I’m not really sure how to talk about this book without also delving into an enormous can of worms about disability and death with dignity laws and both of those things as they relate to blatant tear-jerker literature, but here we are anyway, so I guess here we go.
The Book: Me Before You by Jojo Moyes
Genre: Caretaker romance, I guess?
First impressions: Me Before You, despite the elementary-school-rhyme-sounding title, is about a vivacious but overly cautious girl, Louisa, who gets a job caretaking for a man with quadriplegia, Will, who finds himself unable to adjust to life in his chair and wants to go to Switzerland to legally commit suicide. They fall in love because of course they do, you can see that coming from about a million miles away, and Louisa spends like 90% of the book trying to convince Will that he doesn’t actually know what he wants because she doesn’t want him to die. Basically all of the other characters are on Louisa’s side, and Will’s character get disparaged pretty heavily, because I guess how dare he make decisions about his own livelihood?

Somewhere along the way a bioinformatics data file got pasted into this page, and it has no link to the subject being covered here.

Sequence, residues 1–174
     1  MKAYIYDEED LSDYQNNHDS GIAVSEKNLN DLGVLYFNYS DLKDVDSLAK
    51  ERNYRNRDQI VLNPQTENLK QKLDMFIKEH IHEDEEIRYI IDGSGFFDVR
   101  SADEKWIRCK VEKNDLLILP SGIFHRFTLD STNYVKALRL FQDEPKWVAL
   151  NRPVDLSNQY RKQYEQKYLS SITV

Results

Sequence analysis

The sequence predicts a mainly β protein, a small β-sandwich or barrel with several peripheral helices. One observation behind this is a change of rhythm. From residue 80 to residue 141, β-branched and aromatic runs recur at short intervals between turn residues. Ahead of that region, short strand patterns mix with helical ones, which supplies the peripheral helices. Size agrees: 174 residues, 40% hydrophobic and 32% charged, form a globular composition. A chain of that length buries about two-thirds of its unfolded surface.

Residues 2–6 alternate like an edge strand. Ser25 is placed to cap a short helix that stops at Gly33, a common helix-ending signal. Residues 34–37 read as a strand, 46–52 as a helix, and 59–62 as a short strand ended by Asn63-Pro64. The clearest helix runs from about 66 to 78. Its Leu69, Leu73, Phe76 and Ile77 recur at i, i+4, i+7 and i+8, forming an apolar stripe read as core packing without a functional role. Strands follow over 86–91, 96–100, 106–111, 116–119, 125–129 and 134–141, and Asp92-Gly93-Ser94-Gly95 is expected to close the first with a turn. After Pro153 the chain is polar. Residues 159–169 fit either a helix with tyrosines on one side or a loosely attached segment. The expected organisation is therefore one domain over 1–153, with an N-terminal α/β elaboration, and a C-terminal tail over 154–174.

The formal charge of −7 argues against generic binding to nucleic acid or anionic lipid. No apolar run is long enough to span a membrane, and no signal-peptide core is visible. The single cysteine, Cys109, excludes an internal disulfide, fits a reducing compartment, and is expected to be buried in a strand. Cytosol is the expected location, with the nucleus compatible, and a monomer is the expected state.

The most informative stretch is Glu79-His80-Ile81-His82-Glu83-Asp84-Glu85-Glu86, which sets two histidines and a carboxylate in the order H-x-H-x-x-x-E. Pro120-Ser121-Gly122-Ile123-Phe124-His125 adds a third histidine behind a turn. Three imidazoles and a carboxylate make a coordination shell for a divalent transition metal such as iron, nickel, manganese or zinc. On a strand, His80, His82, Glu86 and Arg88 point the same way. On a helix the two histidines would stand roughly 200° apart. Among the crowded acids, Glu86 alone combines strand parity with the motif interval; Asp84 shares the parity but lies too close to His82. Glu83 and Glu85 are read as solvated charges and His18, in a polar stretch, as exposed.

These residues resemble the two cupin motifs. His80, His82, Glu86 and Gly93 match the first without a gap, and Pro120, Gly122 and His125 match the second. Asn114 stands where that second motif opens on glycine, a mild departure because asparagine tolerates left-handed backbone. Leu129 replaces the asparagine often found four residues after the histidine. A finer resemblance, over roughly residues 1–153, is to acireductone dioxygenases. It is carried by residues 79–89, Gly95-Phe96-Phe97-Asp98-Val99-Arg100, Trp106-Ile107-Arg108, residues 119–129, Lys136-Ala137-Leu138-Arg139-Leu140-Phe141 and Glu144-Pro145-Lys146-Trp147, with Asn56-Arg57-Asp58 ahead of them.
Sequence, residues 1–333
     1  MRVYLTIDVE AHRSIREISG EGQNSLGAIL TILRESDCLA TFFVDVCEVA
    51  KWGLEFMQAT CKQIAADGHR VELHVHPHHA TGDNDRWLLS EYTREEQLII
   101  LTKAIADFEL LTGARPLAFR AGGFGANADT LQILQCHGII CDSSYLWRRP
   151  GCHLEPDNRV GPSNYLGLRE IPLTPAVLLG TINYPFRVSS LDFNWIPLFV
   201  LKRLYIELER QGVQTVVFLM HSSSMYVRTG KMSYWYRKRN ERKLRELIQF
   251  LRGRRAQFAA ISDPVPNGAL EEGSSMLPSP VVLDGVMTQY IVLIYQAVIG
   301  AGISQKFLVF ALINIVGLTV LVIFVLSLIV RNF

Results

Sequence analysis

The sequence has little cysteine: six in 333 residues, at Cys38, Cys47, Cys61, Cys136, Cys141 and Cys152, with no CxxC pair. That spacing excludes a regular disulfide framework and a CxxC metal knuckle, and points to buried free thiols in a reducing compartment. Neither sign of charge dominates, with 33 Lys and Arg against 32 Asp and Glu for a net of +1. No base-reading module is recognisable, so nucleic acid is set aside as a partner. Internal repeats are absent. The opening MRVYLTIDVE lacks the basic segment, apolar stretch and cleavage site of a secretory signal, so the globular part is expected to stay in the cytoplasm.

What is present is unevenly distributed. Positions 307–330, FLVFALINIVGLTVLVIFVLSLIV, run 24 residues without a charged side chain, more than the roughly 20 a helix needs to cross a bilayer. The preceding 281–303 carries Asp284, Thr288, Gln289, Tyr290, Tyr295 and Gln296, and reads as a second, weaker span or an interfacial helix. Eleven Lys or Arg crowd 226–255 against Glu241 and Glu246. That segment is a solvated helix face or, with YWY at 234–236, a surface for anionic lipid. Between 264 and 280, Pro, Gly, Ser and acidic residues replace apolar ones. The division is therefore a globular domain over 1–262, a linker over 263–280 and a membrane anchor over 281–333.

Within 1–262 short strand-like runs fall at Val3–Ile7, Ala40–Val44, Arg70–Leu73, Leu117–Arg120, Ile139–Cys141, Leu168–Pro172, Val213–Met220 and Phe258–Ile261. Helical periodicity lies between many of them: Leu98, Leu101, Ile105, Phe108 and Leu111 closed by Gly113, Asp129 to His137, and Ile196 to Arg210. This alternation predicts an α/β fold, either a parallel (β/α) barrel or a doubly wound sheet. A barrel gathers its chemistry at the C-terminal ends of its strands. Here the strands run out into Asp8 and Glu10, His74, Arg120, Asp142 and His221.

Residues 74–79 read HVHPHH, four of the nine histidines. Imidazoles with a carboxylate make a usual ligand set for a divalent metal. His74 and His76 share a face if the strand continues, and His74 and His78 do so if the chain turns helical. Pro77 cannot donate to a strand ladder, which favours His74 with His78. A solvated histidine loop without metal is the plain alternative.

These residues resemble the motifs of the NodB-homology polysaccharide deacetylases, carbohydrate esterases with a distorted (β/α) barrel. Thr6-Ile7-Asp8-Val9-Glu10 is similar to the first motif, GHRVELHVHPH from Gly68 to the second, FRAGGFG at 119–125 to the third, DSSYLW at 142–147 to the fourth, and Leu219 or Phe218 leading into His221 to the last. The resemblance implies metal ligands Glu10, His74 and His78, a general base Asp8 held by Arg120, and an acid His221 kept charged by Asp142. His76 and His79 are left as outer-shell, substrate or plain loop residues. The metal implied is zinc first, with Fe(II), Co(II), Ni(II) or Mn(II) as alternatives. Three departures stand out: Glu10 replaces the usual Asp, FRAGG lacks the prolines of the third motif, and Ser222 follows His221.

There’s also this rape backstory for Louisa that’s really vague and basically functions as an excuse to make her emotionally reliant on Will, which was not addressed with nearly enough care, and also Louisa has this boyfriend who displays clear signs of emotional abuse via neglect, and that’s never really addressed either. I guess because they’re all too busy telling Will he’s not allowed to make decisions any more. I DISAGREE WITH THIS BOOK ON BASICALLY EVERY MORAL STANCE IT TAKES, OKAY???
Except that in the end Will does get his way and everyone else just has to accept it, so at least that worked out. Even though, given his fatalism, his encouragement of Louisa to go on and embrace her own life is dangerously close to inspiration porn. Basically there are a lot of thorny issues in this book and none of them were handled gracefully.
Will it adapt?: Yes, but unless a lot of the moralizing gets cut out, it’ll be just another insufferable film condemning people for making their own life choices for themselves. I’m interested to see how the story adapts to a visual medium, where you can’t ever forget Will’s quadriplegia. Would have been nice if they had cast an actually disabled actor in the role, though, instead of Finnick from the Hunger Games.
Should I read it?: …eh? I guess if you’re into inspiration porn? I certainly wouldn’t have, sans this project.
“You can only actually help someone who wants to be helped.” –Me Before You
This post is part of my I Read It First series.